Wednesday, 13 May 2015

REACHING A VERDICT - Witness appeal: How can the way a witness puts forward evidence effect juries verdicts?

Ross: The impact of protective shields and videotape testimony on conviction rates

In many cases involving sexual abuse, kidnapping or domestic violence a child is the only victim. The courtroom procedures can be very stressful and traumatic for children. Sometimes children are allowed to give evidence from behind a screen or via video link to reduce this stress.

However, many defence counsels have argued that this is detrimental to the defendant as it may appear to the jury that the child is in need of protection, suggesting that the defendant is indeed guilty prior to conviction, therefore increasing the likelihood of guilty verdicts.

All children need support and sensitive handling within the legal system. There are a number of difficulties with having children appear in court as witnesses, such as:

Distress: Appearing in court is traumatic for adults, especially when you have to recall distressing things and be cross examined by a lawyer who treats you as if you're lying. It is even more distressing for children to have to confront their abuser in this way.

Suggestibility: Jurors are often unimpressed by a child witness, due to a widespread belief that children make things up, can't tell the difference between fantasy and reality or have ideas put into their heads by lawyers. Children are also extremely led by leading questions which may sway what they say and their memory can also be influenced very easily.

One solution to the problem of psychological distress and harm is to let the child be interviewed in another room, appearing in the court on a video screen. The screen is set up so that the child cannot see their defendant, but the defendant can see the child.

Aim: To find out if the use of protective shields and videotaped testimony increases the likelihood of a guilty verdict.

Method: Mock trial based on a court transcript.

Sample: 300 psychology students, 100 in each condition.

Procedure:  Three versions of the transcript were filmed with actors playing the roles, one in the videotaped condition, another in the shield condition and the last one was open evidence in court (i.e. the child was in full view).

The child actor would give evidence in court and the overall court procedure lasted for 2 hours. This involved the father (alleged sexual offender who was accused of touching the child in the bath), the mother, and the child herself (witness and victim). The judge read a warning before the use of screen or video tape directing the jury not to imply guilt by their use.

Results: There was no significant difference in guilty verdicts across the three groups. Therefore, shields can be used to protect the children, without it having an effect on the verdict.

However there was a significantly higher tendency for females to find the defendant guilty. Possibly because females may have a more protective instinct with children, however this was not proven in the study.


Credibility inflation – where a child’s testimony is enhanced because they are protected with the shield from trauma

Credibility deflation – where a child witness is seen as fragile and unreliable because of the shield.

Conclusion: This study shows that when a judges warning is given there are no disadvantages to the defendant in the use of shields and videotapes.

Castellow: The effects of physical attractiveness on jury verdicts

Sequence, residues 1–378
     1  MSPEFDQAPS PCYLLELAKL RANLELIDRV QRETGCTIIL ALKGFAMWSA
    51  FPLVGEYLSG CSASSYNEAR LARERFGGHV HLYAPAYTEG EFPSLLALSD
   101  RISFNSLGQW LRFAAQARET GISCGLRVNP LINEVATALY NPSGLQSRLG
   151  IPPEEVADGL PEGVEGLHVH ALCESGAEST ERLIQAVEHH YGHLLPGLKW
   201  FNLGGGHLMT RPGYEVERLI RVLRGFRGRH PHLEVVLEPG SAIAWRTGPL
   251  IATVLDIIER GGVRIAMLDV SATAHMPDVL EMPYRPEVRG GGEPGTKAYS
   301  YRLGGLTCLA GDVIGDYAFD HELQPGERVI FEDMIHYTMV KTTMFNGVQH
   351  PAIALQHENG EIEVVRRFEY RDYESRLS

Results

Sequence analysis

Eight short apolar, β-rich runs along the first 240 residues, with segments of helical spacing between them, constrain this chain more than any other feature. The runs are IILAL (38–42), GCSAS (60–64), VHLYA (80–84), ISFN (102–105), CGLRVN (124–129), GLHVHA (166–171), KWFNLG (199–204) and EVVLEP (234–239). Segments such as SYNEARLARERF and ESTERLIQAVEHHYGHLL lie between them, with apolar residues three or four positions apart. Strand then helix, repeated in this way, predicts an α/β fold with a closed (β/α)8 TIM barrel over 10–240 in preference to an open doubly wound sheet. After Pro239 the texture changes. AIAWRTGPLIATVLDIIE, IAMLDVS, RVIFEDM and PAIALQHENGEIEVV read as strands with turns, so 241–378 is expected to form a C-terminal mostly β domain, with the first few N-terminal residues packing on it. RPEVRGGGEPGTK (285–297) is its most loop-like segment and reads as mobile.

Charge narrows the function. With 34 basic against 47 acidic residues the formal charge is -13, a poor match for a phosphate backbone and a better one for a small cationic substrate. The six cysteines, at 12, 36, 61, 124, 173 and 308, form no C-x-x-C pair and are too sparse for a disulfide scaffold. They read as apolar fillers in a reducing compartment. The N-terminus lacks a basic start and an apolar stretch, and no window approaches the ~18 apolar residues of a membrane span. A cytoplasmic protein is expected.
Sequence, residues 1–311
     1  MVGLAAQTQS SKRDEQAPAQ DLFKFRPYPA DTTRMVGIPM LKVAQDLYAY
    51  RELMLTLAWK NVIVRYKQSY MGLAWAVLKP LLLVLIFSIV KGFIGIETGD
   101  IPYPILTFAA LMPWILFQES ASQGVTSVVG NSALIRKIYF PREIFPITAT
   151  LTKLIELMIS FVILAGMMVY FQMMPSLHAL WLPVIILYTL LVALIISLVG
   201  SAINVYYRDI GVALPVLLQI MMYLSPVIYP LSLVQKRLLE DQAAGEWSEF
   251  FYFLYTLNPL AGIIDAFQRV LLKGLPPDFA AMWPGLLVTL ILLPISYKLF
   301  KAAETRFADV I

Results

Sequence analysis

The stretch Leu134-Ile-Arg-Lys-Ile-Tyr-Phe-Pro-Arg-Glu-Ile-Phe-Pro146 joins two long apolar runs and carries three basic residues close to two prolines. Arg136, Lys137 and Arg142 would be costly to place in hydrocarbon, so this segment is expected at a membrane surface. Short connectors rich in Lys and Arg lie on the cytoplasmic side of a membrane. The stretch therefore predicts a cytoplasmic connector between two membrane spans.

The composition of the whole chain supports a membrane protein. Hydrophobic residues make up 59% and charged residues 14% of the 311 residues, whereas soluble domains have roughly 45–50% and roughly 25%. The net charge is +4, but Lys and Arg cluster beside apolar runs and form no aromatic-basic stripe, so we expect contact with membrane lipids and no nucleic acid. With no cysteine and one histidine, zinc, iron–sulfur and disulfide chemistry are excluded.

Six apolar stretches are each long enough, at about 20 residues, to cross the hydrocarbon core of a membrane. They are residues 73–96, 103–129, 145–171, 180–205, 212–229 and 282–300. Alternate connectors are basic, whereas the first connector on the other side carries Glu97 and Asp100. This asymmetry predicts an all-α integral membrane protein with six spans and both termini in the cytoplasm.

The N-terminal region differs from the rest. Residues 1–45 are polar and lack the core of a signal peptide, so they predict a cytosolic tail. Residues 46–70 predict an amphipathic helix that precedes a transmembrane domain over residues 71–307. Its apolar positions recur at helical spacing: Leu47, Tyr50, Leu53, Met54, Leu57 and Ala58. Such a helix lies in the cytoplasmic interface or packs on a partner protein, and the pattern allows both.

Aim: To see if an attractive defendant (accused/criminal) is less likely to be seen as guilty. Also to see if the victim is attractive, is the defendant more likely to be found guilty.

Method: A lab experiment using a mock trial format. Independent measures.

Participants: 71 male and 74 female who participated for credit for university.

Procedure: Participants were told that they would be reading a sexual harassment case and would have to answer questions on it.

With the case were attached photographs of the victim and defendant. These were previously categorised by a panel of individuals as either attractive or unattractive. The participants were asked if they believed the defendant is guilty. Participants were also asked to rate the defendant and victim on certain characteristics.

Attractive victims and defendants were rated more positively on their characteristics.

When the defendant was was attractive, guilty verdicts were found 56%. However, when the defendant was unattractive the guilty verdicts were a lot higher.

When the victim was was attractive, guilty verdicts were given 77%. However, when the victim was unattractive, the guilty verdicts were a lot less.

Conclusion: It appears the halo effect plays a part in jury's decisions. This is when you find some attractive, you assume that they have other positive characteristics. It is well advised that people appearing in court make the best of their appearance.

Penrod and Cutler - The effect of witness confidence on jurors assessment of eyewitness evidence:

An experiment using a mock trial scenario. Independent measures. 

Participants: Undergraduates 

Procedure: a videotaped trial of a robbery was presented in which eyewitness identification played a key role. The witness testified that she was either 80% of 100% confident that she had identified the robber. After watching the film they were asked to decide whether the robber was guilty or not. 

Participants who heard the witness was 100% confident gave guilty verdicts to the robber 67% of the time.
Participants who heard the witness was 80% confident gave guilty verdicts to the robber 60% of the time. 

Conclusion: This shows that witness confidence is a poor predictor of how accurate the witness actually is. It shows the jurors will be easily influenced by the confidence of the witness. Therefore this could mean that some guilty criminals will be let off! 

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